The Importance of An Acknowledgement

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Grateful Leadership enables leaders to tap into the power of personal commitment and dedication by acknowledging people in an authentic, heartfelt manor. Inspire your team and bring out the best in your people by dramatically increasing this level of engagement, productivity, and willingness to take initiative.

Engaged employees work with passion and feel connected and loyal to their organization. This yields higher productivity, sales, and results. Leaders who model true acknowledgment behavior will inspire others to do the same and dramatically increase their teams and their personal levels of contribution, making the Power of Acknowledgment truly transformational.

Expressing appreciation and thanks such that your team member feels acknowledged and highly regarded has plenty of upsides. They are:

  • It’s motivational. Employee surveys have frequently established that “pats on the back” are more motivational than pay rises (Graham and Unruh, 1990).
  • It’s a feedback mechanism
  • Putting “what’s working” on the table increases its recurrence, for sure.
  • It generates discretionary effort
  • It’s amazing how the going-the-extra-mile effort kicks in when the boss gives regular recognition and praise.
  • It’s big-hearted

Every human being on the planet wants to feel valued and respected. It’s big-hearted, kind and considerate to help people meet their needs, isn’t it?

Authentically recognizing that your team member has done well will naturally have them feeling warmer toward you. The increased intimacy increases rapport and trust, characteristics that are clearly important in a leader-team member relationship.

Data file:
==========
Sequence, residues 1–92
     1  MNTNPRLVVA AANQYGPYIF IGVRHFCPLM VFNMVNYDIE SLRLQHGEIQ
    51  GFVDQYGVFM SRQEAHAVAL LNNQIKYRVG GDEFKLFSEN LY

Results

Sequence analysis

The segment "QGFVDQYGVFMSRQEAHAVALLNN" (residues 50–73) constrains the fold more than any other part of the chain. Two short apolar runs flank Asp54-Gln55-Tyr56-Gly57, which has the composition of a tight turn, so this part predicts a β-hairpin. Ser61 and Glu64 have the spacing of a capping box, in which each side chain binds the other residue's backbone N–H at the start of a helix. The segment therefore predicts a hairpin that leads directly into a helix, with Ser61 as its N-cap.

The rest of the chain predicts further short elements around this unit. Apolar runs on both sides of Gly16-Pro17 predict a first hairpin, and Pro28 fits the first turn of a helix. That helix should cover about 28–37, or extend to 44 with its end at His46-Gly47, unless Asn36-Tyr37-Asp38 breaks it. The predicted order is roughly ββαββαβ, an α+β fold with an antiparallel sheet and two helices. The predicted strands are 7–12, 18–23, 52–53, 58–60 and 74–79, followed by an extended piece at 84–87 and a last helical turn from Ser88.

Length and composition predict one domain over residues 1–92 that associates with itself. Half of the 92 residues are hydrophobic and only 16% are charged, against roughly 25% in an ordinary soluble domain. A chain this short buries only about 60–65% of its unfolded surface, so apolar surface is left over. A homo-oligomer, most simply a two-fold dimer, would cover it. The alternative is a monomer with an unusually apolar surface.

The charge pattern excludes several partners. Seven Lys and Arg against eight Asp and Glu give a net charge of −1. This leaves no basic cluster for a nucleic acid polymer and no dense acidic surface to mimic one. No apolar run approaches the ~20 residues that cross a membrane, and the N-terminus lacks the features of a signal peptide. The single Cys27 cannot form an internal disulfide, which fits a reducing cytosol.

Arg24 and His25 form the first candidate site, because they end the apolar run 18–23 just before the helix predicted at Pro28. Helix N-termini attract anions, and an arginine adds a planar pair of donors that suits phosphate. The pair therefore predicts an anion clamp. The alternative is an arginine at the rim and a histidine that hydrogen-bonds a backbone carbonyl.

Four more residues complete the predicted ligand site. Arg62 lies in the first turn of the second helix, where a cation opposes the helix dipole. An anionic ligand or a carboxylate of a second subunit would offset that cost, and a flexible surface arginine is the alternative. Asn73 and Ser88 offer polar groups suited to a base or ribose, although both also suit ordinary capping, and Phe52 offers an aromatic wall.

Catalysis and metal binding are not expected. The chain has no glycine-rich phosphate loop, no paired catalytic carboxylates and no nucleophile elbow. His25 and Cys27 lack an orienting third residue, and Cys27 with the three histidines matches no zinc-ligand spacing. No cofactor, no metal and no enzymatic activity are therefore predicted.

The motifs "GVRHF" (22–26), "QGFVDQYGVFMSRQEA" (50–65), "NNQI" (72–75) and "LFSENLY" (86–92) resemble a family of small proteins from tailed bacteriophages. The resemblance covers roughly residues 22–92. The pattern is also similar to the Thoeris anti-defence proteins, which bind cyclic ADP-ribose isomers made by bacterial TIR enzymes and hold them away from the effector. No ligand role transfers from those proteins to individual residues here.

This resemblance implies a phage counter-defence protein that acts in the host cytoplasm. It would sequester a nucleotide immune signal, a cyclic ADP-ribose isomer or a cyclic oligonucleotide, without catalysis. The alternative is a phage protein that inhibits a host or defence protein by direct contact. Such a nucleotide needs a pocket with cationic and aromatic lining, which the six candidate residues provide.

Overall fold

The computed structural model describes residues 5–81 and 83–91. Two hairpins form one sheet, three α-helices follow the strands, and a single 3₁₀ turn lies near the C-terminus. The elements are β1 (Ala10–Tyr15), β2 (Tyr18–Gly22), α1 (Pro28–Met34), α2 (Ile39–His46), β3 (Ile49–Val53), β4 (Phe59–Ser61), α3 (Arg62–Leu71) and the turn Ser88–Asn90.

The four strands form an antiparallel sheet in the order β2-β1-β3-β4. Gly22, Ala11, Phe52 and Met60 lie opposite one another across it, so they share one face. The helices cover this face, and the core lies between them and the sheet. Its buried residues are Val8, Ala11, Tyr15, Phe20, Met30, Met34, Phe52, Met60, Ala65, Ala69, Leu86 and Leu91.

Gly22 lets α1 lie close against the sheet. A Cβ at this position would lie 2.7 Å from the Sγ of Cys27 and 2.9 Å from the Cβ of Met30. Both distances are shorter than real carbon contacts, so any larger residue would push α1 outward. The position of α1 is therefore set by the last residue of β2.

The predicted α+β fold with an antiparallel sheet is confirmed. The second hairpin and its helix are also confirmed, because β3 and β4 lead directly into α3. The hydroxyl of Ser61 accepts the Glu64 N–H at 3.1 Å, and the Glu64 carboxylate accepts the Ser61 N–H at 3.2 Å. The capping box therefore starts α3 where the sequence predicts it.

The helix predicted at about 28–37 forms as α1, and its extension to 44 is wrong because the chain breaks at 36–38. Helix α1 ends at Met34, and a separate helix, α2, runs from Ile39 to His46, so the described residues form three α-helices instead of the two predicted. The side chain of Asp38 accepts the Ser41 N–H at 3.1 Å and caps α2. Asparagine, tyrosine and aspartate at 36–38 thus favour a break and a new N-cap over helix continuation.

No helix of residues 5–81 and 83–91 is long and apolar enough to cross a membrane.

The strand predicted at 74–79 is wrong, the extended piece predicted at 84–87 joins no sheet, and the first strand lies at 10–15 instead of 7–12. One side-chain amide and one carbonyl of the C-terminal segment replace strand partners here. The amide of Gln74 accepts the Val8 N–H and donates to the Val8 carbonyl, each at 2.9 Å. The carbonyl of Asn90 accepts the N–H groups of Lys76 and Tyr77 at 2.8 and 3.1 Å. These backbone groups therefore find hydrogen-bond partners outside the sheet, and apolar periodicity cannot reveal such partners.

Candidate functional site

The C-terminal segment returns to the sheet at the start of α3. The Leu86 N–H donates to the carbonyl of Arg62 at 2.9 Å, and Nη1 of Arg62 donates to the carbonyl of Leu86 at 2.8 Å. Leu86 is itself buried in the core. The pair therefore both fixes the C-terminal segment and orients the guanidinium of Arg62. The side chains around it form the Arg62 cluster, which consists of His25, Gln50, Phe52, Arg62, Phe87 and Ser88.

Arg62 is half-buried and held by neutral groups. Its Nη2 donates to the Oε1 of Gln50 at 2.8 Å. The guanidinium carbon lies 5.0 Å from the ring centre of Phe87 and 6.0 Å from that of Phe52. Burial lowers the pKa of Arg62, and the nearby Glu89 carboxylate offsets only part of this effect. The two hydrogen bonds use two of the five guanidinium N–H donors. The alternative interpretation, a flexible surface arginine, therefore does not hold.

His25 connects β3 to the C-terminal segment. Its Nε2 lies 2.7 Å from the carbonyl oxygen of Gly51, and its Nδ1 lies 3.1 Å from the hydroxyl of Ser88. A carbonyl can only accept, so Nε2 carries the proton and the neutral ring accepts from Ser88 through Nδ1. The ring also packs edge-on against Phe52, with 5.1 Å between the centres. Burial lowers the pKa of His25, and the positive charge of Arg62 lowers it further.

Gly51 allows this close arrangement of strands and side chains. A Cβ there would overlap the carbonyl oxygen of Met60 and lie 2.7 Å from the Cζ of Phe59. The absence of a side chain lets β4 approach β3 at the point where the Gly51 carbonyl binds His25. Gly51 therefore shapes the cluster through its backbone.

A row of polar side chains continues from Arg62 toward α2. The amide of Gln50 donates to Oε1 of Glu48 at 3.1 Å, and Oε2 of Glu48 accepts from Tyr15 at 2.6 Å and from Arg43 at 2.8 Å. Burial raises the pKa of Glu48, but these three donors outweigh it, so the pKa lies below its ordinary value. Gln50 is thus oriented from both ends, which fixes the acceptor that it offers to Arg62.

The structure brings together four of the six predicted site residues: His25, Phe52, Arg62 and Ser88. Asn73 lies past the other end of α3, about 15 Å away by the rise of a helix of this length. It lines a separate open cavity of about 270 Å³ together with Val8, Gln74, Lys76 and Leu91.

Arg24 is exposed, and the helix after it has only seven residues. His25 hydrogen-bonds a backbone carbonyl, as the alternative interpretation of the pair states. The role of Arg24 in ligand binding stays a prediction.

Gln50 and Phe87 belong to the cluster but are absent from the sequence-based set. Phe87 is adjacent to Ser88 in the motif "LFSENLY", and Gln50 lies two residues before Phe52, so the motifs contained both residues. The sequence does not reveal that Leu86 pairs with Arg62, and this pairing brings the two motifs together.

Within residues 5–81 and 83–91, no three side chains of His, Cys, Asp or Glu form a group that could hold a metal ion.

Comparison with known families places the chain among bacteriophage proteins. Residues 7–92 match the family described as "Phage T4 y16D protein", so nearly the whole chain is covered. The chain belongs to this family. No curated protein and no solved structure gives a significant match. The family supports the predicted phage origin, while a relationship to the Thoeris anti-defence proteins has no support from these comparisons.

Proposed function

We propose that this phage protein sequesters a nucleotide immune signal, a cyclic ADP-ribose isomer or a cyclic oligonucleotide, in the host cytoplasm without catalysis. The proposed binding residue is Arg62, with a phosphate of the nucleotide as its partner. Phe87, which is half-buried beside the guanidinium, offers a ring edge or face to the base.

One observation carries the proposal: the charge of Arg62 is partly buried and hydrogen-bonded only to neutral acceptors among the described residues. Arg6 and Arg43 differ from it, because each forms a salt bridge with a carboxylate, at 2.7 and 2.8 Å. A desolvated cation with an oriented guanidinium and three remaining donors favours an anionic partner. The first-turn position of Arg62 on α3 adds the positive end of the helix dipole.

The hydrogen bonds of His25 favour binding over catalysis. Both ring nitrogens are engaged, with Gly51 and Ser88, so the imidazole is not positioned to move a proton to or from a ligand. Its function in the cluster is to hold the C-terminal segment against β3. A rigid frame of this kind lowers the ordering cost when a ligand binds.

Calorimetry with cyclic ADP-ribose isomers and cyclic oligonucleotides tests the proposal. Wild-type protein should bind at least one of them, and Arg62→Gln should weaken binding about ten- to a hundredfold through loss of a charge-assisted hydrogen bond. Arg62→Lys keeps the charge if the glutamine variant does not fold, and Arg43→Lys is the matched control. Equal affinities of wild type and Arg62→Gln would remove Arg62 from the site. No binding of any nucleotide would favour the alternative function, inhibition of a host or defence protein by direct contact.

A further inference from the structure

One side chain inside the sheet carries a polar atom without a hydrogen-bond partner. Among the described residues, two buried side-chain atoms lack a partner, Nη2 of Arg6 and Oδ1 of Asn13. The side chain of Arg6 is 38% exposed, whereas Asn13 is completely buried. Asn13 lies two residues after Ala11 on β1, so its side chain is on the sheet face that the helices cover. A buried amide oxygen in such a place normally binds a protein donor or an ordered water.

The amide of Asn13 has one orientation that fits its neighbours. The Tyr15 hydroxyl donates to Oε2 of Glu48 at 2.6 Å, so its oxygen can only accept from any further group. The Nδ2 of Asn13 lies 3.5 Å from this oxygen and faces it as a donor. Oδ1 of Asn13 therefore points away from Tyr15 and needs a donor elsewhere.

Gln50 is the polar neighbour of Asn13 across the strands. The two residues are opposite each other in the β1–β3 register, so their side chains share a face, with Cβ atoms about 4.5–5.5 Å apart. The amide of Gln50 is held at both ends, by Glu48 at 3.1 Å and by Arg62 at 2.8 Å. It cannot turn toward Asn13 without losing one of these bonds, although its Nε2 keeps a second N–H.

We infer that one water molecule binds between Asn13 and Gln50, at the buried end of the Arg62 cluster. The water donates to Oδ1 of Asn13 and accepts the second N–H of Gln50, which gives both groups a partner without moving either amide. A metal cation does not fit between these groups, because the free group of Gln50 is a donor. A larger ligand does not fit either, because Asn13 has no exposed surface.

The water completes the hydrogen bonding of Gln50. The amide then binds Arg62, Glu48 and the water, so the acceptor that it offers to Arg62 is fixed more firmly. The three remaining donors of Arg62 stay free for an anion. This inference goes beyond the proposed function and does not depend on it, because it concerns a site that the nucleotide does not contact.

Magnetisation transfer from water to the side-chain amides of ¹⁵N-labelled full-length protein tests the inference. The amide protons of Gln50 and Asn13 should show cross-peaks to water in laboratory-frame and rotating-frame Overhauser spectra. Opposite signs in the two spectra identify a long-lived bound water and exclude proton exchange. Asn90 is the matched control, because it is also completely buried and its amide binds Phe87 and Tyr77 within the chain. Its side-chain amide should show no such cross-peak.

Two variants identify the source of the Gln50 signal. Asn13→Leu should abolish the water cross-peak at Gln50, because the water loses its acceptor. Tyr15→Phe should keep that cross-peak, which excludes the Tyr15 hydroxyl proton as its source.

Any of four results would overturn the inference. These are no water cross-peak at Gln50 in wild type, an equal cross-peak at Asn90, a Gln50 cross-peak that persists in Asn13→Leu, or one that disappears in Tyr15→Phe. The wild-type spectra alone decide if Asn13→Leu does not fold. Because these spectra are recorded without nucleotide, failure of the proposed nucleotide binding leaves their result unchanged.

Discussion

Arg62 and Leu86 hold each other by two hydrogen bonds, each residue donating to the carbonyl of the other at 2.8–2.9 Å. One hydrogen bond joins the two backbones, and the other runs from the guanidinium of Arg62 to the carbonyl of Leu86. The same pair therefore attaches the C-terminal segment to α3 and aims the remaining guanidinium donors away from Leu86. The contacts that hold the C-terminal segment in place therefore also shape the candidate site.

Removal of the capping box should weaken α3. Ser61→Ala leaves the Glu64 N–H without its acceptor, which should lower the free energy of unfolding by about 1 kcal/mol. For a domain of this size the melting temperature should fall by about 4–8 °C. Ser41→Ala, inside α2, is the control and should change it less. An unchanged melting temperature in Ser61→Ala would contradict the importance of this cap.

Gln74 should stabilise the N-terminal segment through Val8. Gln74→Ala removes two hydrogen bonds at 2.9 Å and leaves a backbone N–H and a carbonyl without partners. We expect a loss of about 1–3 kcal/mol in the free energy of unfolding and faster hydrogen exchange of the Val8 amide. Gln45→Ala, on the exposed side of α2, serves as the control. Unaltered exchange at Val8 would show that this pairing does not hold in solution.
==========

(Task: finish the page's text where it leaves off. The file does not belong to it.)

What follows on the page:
Recognition and validation for what we’ve done, or for who we are, simply put, feels good—even to those who don’t look like they’d lap up this sort of validation.

The best way to acknowledge:
Typically when a person is acknowledged they glow internally. In fact the Graham and Unruh 1990 study revealed that the following four actions were in the top five of 65 possible incentives:

  • A congratulatory note from the manager
  • Verbal congratulations from the manager
  • Public recognition of a job well done
  • A morale-building chat with the manager

Isn’t it interesting that none of these actions are a big asked? And they don’t have a monetary cost either.

Think about each of your team members—and recall the last time you:
…said something positive to them about their work, their behavior or their practices.
…Publically recognized them.
…Sent them a congratulatory email or note.

Was it last week? Last month? In the last quarter? In the last year?

Are you one of the leaders who’s impressive when it comes to acknowledging your team members—or is there room for you to up your effort in this regard?

 

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